Safe Preserving: Flavored Vinegars and Oils

Flavored vinegars and oils add excitement to salads, marinades and sauces. They also make special gifts, provided a few simple precautions are followed. herb-vinegarOf the two, flavored vinegars are easiest and safest to make. Because vinegar is high in acid, it does not support the growth of Clostridium botulinum bacteria. Infused oils are not high in acid and do have the potential to support the growth of C. botulinum bacteria. Flavored oils may cause great harm if not made and stored properly.

Different types of vinegars will give different results when flavored. White vinegar is clear and has a sharp acidic flavor that can blend well with delicately flavored herbs. Apple cider vinegar has a milder taste; its amber color blends best with fruits. white wine and champagne vinegars work well with herbs and light-colored fruits. red wine vinegar has a strong flavor and works best with spices and strong-flavored herbs like rosemary. Be sure to use only commercially produced vinegars for flavoring.

Herbs and spices. Vinegars can be flavored with herbs, spices, fruits and vegetables. Herbs and spices used to flavor vinegars include chive blossoms, rosemary, tarragon, dill, sage, lemon thyme,  peppercorns, and mustard seeds. Treat fresh herbs to prevent spoilage by briefly dipping in a sanitizing bleach solution of 1 teaspoon household bleach per 6 cups (1½ quarts) of water, then rinsing thoroughly under cold water, and patting dry. For best results, use only the best non-blemished leaves and flowers.  Allow three to four sprigs of fresh herbs or 3 tablespoons dried herbs per pint of vinegar. If flavoring with spices, use whole spices, not ground or powdered. Spices to try include Juniper berries, bay leaves, allspice, cloves, mustard seeds and peppercorns.

Fruit and vegetables. Fruits often used to flavor vinegars include strawberries, raspberries, pears, peaches and the peel of oranges or lemons. Allow the peel of one orange or lemon or 1 to 2 cups of fruit per pint of vinegar flavored. For variation, try fruits in combination with herbs or spices. Vegetables, such as fresh garlic cloves and jalapeno peppers, can add zest to vinegars. Thread these on thin bamboo skewers for easy insertion into bottles. Thoroughly rinse all fruits and vegetables with clean water and peel, if necessary, before use. Small fruits and vegetables may be halved or left whole; large ones may need to be sliced or cubed.

A wide variety of containers may be used. Use glass jars or bottles sealed with a non-metal cap or cork. Do not use metal utensils to prepare or store vinegar; do not use metal caps or stoppers for bottles. Wash hands well before starting any food preparation work. Wash containers thoroughly, then sterilize by boiling the bottles for 10 minutes prior to filling.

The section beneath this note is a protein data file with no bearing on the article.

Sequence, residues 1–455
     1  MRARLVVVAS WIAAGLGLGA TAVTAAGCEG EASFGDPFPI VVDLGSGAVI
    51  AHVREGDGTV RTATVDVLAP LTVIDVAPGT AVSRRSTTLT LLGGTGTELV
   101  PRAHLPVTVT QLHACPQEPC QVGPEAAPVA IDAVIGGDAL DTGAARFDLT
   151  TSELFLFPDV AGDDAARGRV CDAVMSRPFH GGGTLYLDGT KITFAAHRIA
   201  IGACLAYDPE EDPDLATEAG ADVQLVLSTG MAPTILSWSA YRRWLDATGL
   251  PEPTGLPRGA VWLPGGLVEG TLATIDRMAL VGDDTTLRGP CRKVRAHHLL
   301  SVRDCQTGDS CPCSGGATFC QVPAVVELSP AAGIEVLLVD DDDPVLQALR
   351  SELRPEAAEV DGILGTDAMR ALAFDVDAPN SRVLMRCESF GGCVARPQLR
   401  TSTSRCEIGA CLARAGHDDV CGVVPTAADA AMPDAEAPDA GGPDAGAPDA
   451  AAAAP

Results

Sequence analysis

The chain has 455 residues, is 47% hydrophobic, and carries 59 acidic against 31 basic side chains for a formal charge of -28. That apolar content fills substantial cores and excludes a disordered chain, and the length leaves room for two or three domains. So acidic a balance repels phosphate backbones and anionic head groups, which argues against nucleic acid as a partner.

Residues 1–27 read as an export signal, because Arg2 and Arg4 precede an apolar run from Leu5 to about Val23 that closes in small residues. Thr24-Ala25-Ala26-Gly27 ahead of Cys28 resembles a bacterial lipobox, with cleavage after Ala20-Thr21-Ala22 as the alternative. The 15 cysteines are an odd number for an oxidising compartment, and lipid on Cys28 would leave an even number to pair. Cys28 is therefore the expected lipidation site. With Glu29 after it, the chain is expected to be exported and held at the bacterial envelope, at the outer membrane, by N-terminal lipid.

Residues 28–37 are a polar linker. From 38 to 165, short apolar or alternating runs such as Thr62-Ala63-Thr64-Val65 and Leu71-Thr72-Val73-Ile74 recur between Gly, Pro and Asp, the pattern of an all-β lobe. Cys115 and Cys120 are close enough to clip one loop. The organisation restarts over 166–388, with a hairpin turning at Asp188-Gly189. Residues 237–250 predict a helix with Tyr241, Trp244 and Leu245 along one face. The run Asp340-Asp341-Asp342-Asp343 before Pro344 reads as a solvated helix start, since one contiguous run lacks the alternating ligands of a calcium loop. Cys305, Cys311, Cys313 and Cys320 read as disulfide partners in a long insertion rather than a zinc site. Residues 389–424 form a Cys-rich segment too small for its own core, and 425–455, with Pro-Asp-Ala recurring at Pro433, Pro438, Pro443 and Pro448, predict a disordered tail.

To make flavored vinegars, place the prepared herbs, fruits or spices in the sterilized bottles. Avoid over packing the bottles. Use three to four sprigs of fresh herbs, 3 tablespoons of dried herbs or 1 to 2 cups of fruit or vegetables per pint of vinegar to be flavored. Heat vinegar to just below boiling (190°F), then pour over the herbs and cap tightly. Allow to stand for three to four weeks in a cool, dark place for the flavor to develop fully. Then, for the best product, strain the vinegar through a damp cheesecloth or coffee filter one or more times until the vinegar is no longer cloudy. Discard the fruit, vegetables or herbs. Pour the strained vinegar into a clean sterilized bottle. Add a sprig or two of fresh herbs that have been sanitized. Seal tightly and label. Store in a cupboard out of sunlight or in the refrigerator for best flavor retention.

Herbs- and garlic-in-oil. Herbs- and garlic- in oil mixtures are considered potentially garlicoil hazardous foods because of the large number of cases of botulism traced to homemade mixtures of garlic and oil.

These mixtures should be made fresh for use and not left at room temperature. Any leftovers should be refrigerated for use within three days, frozen for longer storage, or discarded.

Dried tomatoes in oil are less of a safety concern than other mixtures in oil because the acidity of the tomatoes is generally high enough to prevent growth of C. botulinum  will help deter pathogen growth. Dried herbs in oil also are less of a safety concern because of their low moisture. However, to ensure safety, it is recommended that all tomato-in-oil and herb-in-oil products be stored at refrigerator temperatures and used within three days.

In addition to reducing the potential for growth of C. botulinum bacteria, storing flavored oils in the refrigerator or freezer helps keep the oils from becoming rancid. All fats and oils will become rancid given enough exposure to air, sunlight and heat. Vegetable oils are especially prone to such deterioration. Eating rancid food won’t make you sick, but it may be unhealthy in the long run.

Fact sheets on preparing flavored vinegars have been developed by the University of Georgia and Colorado State University.

Safe preserving! Barb

University of Wisconsin-Extension

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